Samuel Yellen was University Professor Emeritus at Indiana University, “where for some twenty years I gave the large lecture course in Shakespeare. . . .” Mr. Yellen died shortly after his VQR essay was accepted for publication. He was the author of two books of fiction—The Passionate Shepherd, a collection of his stories, and The Wedding Band, a novel.
David Tillinghast received his Ph. D. degree in 1974 from the University of South Carolina, where he studied under George Garrett and James Dickey. He now teaches contemporary American literature and creative writing at Clemson University.
Paul Gaston’s Nancy Lewis essay is the first chapter in Women of Fair Hope, an expanded version of the 25th annual Lamar Memorial Lectures delivered at Mercer University in 1981. The book will be published by Georgia this October. Mr. Gaston is a professor of history at the University of Virginia.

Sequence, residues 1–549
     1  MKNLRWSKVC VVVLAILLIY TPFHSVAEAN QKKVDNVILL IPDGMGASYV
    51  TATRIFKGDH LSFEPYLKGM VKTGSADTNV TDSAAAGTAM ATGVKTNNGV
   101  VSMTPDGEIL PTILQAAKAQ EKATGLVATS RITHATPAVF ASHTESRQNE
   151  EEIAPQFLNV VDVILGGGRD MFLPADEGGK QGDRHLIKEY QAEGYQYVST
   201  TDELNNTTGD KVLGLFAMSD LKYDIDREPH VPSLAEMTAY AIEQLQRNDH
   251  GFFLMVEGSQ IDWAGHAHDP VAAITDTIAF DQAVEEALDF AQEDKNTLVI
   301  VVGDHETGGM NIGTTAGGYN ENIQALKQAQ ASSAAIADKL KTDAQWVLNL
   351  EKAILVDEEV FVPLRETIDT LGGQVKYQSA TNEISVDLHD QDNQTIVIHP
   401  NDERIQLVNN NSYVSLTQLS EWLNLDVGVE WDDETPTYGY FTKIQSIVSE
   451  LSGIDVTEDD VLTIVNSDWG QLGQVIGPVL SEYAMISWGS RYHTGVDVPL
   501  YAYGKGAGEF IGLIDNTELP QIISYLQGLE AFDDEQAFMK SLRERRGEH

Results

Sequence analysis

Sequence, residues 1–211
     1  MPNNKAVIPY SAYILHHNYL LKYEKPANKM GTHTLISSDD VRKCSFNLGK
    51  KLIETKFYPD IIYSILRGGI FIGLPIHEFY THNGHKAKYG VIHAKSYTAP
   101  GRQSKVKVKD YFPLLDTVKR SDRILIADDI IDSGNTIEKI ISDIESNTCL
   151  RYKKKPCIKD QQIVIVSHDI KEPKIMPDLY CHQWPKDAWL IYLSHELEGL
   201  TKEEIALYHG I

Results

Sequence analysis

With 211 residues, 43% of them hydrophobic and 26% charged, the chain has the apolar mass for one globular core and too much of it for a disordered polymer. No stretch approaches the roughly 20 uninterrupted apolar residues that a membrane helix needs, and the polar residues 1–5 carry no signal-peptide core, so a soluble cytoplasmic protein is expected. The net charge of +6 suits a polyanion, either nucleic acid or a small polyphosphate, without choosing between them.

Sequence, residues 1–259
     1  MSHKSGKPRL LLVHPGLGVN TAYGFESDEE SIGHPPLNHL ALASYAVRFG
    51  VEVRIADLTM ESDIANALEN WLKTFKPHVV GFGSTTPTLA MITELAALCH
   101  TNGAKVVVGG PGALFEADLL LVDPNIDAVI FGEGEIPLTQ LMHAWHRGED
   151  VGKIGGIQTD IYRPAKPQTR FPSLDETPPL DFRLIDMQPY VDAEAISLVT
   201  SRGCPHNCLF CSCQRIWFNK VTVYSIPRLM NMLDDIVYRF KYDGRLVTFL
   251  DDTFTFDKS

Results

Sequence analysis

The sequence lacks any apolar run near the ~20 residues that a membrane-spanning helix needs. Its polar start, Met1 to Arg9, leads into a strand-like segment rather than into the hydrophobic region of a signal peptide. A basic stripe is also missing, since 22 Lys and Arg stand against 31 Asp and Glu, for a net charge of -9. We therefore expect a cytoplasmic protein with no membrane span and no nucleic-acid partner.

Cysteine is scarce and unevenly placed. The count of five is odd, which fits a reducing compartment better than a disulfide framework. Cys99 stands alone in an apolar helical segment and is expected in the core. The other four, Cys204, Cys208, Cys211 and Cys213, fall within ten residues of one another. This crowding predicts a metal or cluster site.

While she spent the past year on leave in Cambridge, Massachusetts, Margaret Edwards is a member of the English faculty at the University of Vermont in Burlington.
John Higham is the John Martin Vincent Professor of History at Johns Hopkins University, his primary interest being the intellectual history of the United States in the 19th and 20th centuries and in the social character and ethnic composition of the American people.
Virginia Spencer Carr is the author of The Lonely Hunter, a critically acclaimed biography of Carson McCullers. Her latest biography, Dos Passos: A Life, is due out from Doubleday next month.
Elizabeth Langhorne is the author of Nancy Astor and Her Friends and served two terms as president of The Virginia Center for the Creative Arts.
Eric J. Sundquist is an associate professor of English at the University of California, Berkeley. His most recent book is Faulkner: The House Divided.
Jay Parini is a novelist, poet, and literary critic. He is a member of the faculty at Middlebury College.